Out-of-work Kiwis could soon find themselves helping boost New Zealand's nature, amid a billion-dollar spend on the environment in today's Budget.
It comes alongside more than $300m for pest control and management – and more than $430m on a package that would see unemployed people in the regions cleaning up rivers and helping restore wetlands.
The new jobs fund aims to create about 1800 roles to boost predator control efforts and planting, and improve waterways, tracks and huts.
Conservation Minister Eugenie Sage said the Department of Conservation would work alongside councils, iwi and local businesses like tourism operators.
"As well as getting people back to work, this initiative will support household incomes, and promote mental health and wellbeing for the people involved."
The roles would primarily be in the regions, and managed through agencies like the QEII Trust, Landcare Trust, regional councils and landowner groups.
"The workers will help protect and restore indigenous biodiversity and habitat, help with revegetation of private and public conservation land and undertake riparian planting," she said.
"There is an opportunity in these regions for people who have lost their jobs in other sectors to move into this habitat work, and the four-year investment programme will give businesses the certainty and confidence to invest and build their capacity and capability."
Sage told the Herald that many of those new jobs might be people in the tourism sector that had been pushed out of work by the pandemic.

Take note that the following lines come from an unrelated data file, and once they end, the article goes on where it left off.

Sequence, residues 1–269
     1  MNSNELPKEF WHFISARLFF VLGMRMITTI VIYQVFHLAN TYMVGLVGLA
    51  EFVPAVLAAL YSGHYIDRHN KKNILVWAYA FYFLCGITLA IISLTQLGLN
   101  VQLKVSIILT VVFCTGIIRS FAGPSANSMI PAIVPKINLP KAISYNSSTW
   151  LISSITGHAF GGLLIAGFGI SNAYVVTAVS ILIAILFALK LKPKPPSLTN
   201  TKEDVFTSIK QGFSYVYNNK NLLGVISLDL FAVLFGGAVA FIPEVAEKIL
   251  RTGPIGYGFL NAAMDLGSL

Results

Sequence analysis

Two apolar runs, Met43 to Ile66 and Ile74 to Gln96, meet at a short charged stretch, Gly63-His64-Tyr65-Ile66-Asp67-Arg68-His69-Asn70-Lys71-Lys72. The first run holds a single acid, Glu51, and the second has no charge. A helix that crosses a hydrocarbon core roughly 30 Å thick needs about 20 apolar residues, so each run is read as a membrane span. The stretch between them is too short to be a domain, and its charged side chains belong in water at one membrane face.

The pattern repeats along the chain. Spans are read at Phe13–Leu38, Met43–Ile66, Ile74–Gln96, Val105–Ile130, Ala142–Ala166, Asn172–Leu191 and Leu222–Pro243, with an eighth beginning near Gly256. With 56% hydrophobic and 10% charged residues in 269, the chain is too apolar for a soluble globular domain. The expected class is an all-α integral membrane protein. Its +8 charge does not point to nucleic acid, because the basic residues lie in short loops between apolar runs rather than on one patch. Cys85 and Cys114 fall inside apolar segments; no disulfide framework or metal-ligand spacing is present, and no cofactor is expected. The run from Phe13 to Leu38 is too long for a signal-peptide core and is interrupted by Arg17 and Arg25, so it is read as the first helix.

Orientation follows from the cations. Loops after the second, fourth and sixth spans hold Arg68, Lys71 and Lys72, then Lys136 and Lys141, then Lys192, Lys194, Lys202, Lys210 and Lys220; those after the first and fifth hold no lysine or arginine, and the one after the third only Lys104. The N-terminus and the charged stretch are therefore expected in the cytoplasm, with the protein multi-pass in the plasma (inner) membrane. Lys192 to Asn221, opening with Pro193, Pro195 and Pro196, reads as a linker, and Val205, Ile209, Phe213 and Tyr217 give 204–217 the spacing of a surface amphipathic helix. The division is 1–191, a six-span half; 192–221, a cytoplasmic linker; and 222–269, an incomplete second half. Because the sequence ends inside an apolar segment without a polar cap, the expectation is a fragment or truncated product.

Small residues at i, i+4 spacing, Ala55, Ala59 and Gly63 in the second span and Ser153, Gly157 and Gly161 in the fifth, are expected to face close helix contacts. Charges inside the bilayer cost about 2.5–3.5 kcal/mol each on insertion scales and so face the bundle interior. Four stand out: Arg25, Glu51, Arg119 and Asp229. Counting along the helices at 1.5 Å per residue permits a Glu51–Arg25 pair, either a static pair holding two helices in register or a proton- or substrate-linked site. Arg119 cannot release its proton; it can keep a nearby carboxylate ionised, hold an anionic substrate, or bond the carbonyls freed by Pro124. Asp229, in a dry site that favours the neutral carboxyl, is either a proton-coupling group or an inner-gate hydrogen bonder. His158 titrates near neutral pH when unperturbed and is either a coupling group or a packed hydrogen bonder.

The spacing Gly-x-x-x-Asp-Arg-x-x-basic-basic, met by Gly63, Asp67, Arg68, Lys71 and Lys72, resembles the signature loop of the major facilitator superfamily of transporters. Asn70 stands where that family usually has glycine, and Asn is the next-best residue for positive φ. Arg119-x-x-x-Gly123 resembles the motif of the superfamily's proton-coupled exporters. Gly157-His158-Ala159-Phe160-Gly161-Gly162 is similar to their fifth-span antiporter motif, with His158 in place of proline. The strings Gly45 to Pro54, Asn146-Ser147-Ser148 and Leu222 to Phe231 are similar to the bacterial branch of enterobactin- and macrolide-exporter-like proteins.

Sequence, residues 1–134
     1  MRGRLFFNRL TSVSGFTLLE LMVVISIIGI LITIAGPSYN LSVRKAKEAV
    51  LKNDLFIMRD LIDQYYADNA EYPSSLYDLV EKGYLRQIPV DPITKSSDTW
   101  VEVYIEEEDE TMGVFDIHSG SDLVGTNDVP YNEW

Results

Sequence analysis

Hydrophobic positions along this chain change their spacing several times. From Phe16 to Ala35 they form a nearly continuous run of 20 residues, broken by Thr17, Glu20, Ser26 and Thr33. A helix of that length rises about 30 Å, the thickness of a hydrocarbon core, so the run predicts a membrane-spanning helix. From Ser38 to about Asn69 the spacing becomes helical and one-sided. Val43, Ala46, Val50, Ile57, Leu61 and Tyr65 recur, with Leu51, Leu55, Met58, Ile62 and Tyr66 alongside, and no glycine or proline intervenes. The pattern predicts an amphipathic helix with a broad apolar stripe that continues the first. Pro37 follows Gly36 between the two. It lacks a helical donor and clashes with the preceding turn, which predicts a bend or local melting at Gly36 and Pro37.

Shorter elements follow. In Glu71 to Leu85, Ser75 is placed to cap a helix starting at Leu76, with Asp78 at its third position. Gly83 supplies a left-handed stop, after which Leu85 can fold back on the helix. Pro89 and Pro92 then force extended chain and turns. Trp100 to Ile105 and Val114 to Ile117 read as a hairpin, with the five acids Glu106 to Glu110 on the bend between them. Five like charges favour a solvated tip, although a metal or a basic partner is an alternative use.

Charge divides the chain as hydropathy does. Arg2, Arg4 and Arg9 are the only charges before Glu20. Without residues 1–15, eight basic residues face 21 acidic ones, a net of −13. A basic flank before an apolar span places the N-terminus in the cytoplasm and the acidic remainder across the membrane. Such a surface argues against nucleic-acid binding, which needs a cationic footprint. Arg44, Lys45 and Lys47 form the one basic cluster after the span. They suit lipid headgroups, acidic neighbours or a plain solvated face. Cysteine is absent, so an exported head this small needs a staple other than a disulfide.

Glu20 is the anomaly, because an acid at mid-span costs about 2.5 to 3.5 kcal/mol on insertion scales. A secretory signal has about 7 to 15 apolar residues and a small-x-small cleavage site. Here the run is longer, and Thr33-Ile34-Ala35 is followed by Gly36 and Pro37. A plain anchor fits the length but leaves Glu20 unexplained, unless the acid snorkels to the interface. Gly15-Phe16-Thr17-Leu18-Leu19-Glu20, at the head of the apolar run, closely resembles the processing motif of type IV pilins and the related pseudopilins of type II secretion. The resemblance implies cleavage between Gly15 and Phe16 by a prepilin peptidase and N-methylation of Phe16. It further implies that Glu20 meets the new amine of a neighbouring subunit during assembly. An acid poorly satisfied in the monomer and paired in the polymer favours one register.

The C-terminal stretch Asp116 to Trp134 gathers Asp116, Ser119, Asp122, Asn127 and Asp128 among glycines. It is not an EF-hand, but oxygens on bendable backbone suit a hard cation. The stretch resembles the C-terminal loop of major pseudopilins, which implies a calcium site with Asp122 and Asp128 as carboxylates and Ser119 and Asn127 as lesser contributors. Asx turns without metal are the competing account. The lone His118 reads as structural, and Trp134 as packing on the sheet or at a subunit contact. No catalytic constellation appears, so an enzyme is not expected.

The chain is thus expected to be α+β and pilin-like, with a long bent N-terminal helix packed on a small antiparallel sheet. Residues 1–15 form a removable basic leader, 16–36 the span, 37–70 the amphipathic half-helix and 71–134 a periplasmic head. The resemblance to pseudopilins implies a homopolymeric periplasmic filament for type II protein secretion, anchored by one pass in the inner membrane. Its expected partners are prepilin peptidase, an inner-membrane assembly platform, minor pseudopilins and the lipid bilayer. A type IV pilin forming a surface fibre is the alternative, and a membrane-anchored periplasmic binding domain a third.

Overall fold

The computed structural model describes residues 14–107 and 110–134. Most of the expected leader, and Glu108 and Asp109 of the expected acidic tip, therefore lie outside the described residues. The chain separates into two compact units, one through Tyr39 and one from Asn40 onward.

They included guides working around Queenstown and south Westland who had "enormous skills" in logistics and already knew the outdoors well.
"The impact of Covid-19 is that a lot of people and very skilled positions have been made redundant - so it's an opportunity for them to use their skills in a different way."
She added that hundreds of millions dollars committed for major pest operations in previous years were still locked in – and there wasn't expected to be another "mast year" this summer that fuelled an explosion in pest numbers.
More "green jobs" – potentially about 4000 – would be created with a separate $433m spend on regional environmental projects for the next five years.
Environment Minister David Parker said the programme had been designed specifically in response to the impact of Covid-19.
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"This investment will contribute to improving the health of New Zealand's waterways and support economic recovery in partnership with local government and farmers," he said.
"It will include restoring mini wetlands, stabilising river banks, removing sediment, and providing for fish passage.
"The funding will support employment across New Zealand, including the Kaipara catchment."
Parker said the package allowed businesses considering redundancies and downscaling to redeploy their staff on environmentally focused activities in their home region.
"When those businesses are able to rehire again, workers can return to their previous roles."
Another large chunk of the green spend would help beat back pests – and continue the country's bid to be free of major pest predators by 2050.
The $315m package included $148m for DoC to ramp up pest control and eradication – specifically supporting the Predator Free New Zealand effort and working with iwi to stop the collapse of North Island forests.
Another $100m had been earmarked for jobs to curb the rampant spread of wilding pines, while $40m went toward Land Information NZ to undertake pest and weed control in rivers on Crown land, and $27m would help control ballooning populations of wallabies across the Bay of Plenty, Waikato, Canterbury and Otago.